I didn't get all this done in class and had to continue at home. At home, I altered the length of the 4 front gores then drew around them onto paper. I now had 10 new pieces of paper - 8 gores and back and front yokes. I then added seam allowances to all the pieces. This led to a second problem. I added ½" seam allowances rather than 1cm (about ⅜") because I was rushing to get a toile made for the class and it was easier.

Now it sounds pretty easy to pin piece 1 to piece 2 to piece 3 etc, doesn't it? Well I don't know how many times I got mixed up! Not helped by calico being the same on each side. I was convinced I was doing it correctly but lengths didn't match ... Eventually, I got it sorted. I now had a front piece consisting of 4 sewn together gores and a back piece, likewise.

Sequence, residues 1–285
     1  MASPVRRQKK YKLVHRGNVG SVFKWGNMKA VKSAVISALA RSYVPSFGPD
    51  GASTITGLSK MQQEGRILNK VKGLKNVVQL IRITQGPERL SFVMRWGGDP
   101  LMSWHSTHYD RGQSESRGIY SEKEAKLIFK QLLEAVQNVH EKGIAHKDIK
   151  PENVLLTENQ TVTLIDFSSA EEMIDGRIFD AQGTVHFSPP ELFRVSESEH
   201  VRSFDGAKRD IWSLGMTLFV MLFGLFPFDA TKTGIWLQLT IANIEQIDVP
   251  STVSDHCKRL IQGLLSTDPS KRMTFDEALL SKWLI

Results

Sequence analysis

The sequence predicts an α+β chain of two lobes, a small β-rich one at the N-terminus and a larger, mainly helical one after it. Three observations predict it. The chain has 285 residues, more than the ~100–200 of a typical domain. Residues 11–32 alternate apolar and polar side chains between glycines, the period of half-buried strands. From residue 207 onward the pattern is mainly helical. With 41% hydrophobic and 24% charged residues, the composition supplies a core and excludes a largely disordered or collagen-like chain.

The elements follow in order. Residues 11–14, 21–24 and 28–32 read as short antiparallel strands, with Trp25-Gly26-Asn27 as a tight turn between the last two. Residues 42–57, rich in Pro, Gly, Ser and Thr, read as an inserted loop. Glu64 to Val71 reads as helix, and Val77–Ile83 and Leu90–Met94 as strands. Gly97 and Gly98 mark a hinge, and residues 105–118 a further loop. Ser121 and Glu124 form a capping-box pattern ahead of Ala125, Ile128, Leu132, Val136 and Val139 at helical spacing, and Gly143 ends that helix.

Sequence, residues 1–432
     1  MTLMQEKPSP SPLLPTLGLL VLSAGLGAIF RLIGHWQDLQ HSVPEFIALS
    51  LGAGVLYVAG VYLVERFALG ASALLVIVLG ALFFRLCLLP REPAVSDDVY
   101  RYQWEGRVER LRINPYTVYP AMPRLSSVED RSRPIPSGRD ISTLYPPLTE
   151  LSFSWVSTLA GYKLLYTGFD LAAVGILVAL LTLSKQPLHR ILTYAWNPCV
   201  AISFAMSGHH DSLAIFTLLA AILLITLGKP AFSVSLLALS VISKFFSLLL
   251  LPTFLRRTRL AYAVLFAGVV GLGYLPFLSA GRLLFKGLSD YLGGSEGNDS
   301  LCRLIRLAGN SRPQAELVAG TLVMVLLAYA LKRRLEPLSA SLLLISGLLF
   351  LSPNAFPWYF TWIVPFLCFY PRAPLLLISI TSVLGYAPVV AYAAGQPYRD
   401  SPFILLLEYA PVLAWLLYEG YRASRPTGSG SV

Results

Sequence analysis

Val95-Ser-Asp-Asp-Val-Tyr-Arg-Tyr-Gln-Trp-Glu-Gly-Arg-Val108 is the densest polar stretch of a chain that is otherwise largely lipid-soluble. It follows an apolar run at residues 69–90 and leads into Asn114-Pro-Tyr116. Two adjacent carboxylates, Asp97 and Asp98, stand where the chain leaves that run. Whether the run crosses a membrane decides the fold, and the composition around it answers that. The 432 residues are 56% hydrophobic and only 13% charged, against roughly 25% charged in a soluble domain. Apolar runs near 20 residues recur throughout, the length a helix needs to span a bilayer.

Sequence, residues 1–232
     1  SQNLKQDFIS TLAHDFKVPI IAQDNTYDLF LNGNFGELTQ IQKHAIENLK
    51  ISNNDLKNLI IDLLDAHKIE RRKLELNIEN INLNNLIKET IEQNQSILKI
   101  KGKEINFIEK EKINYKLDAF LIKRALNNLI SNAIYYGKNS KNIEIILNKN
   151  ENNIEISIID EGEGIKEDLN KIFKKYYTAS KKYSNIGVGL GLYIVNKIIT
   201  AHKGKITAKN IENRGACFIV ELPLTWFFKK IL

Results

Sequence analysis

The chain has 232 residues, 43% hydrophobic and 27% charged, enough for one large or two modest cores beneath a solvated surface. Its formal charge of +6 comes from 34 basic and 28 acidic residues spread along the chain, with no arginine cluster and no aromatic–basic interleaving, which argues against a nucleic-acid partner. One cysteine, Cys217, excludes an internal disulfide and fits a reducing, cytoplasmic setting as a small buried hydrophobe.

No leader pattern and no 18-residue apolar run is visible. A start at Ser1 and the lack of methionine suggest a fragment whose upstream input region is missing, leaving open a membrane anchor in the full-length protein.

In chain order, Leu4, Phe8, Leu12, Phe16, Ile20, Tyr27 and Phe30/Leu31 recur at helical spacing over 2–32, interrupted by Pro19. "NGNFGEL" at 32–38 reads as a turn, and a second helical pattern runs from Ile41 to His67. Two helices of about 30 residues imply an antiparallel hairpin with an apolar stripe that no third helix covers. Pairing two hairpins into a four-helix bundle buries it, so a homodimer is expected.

I then sewed the yokes to the tops of the pieces. This is where a smaller seam allowance would have been helpful. I found it incredibly difficult to do this. I wasn't happy with the resultant seams. My points weren't pointy. I resolved to get help from R. R did say it would be much easier in wool,  for example.

I sewed back and front together, leaving an opening at the side. I was aware that the seam side tops didn't  match. How come I didn't notice that previously?  I'm not sure much was made of truing seams etc. I see how important that is.

R was impressed I'd got as far as I had. I asked her about sewing the yoke to the skirt and she said she'd demonstrate after I made the necessary fitting changes

I don't have a picture of the skirt at this stage. I knew it was too big at the waist but was actually pretty pleased with it.

The fitting changes were:
Raising the front yoke at one side by 1.5 cm to match the back
Taking some fabric out of top of front yoke, increasing the curve - length at top reduced
Taking off 1 cm at side seams of skirt and yoke.
Adding 3 cm to depth of front yoke.